(Last Updated on June 7, 2022 by zimdaily)
HARARE – All kombi operators will need to form associations before they are allowed to operate as public service providers. This is in line with the new Government public transport policy guidelines. This will be contained in a new Statutory Instrument that will guide operations of private public transport providers. It is being finalised by Attorney General, Advocate Prince Machaya.
Local Government and Public Works Minister, July Moyo, said the legal instrument being crafted will rid the public transport sector of chaos. “We are just awaiting the Attorney General to finalise the Statutory Instrument, which will guide the operations of these private players,” he said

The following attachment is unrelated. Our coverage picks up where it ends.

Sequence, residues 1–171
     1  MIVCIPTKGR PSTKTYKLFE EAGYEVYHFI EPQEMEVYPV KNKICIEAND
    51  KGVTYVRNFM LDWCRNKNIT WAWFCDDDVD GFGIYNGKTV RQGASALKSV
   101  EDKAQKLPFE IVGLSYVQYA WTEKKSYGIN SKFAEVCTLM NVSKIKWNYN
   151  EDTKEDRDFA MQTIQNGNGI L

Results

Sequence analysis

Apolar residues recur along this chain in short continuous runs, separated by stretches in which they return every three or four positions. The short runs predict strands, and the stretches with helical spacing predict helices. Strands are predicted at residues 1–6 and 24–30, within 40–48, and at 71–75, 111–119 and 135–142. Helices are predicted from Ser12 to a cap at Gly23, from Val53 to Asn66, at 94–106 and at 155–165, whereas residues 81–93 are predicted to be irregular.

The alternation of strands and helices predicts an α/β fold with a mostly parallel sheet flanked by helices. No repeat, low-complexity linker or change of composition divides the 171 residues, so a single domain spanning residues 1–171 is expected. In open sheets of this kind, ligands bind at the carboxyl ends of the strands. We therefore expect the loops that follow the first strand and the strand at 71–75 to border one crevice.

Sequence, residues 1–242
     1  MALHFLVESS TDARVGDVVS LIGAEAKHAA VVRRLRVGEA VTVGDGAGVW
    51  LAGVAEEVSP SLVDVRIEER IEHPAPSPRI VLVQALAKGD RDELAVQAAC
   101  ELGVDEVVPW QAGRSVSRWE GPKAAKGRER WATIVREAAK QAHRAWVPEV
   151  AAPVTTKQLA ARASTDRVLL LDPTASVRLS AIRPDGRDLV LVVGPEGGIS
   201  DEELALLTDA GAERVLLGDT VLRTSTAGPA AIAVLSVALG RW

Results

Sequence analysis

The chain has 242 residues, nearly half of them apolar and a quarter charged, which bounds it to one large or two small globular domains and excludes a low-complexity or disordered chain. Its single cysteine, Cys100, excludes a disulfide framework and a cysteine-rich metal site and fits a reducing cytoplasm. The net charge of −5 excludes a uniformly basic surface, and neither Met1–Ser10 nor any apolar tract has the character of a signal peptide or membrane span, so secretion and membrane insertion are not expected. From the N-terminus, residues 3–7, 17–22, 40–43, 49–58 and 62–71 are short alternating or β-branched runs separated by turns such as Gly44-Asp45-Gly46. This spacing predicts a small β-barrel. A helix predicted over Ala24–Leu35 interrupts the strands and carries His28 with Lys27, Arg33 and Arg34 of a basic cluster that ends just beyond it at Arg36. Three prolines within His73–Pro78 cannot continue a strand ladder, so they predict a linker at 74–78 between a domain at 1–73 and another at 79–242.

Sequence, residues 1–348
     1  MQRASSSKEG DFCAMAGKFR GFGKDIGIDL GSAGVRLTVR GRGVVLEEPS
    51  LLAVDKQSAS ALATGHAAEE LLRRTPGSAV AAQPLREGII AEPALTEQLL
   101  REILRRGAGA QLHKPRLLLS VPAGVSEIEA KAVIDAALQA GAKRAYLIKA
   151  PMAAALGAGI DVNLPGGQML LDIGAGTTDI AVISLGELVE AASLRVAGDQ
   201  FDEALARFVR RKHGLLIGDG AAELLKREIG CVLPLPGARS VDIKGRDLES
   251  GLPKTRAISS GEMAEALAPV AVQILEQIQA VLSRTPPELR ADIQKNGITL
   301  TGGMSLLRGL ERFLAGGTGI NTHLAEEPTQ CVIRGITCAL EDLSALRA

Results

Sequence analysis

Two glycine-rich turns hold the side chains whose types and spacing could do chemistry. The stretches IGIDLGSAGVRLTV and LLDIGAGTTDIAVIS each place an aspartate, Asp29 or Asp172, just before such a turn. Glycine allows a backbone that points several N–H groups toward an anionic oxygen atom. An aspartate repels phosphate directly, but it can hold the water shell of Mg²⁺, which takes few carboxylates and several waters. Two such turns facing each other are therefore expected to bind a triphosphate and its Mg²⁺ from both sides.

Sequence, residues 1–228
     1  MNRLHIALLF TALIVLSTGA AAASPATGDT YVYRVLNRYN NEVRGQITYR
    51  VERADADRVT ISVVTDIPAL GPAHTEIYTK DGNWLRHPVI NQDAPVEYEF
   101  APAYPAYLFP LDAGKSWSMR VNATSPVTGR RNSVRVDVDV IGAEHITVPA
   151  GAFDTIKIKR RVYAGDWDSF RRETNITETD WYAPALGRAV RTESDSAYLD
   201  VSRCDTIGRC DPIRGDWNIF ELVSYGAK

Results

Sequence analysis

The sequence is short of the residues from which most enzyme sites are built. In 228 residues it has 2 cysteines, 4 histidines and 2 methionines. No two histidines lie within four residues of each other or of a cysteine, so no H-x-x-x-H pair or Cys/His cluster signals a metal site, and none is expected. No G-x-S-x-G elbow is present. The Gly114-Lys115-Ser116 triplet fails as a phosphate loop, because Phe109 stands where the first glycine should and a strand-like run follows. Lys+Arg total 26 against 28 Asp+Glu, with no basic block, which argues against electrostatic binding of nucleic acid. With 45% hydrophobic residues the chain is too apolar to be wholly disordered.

“First and foremost, we want them to be well organised, we don’t want chaos and in the principles that were approved by Cabinet, the Government is saying they must form associations so that there is some sort of control and they have to be registered in the normal sense as a public service vehicle.”
Minister Moyo said the new Statutory Instrument will give kombis the routes to ply.
“This new Statutory Instrument will now designate bus stops, bus termini, which will be adhered to by all those who will be given routes,” he said.
“They should display their timetables and they should announce their fares on each route so that the transport sector is transparent to the citizenry.”
He said touts will be prohibited under the new public transport system being crafted. Minister Moyo said the Government expects that new bus stops should be erected in cities, as part of improving customer services.
“The responsibility of ensuring that bus stops are properly constituted lies with cities,” he said.
“There are many private players who want to build these bus stops and we encourage all the cities and towns to allow the private players to partner them as they will end up advertising at these bus stops yet these bus stops, in terms of the Omnibus Act and Urban Councils Act, belong to councils.”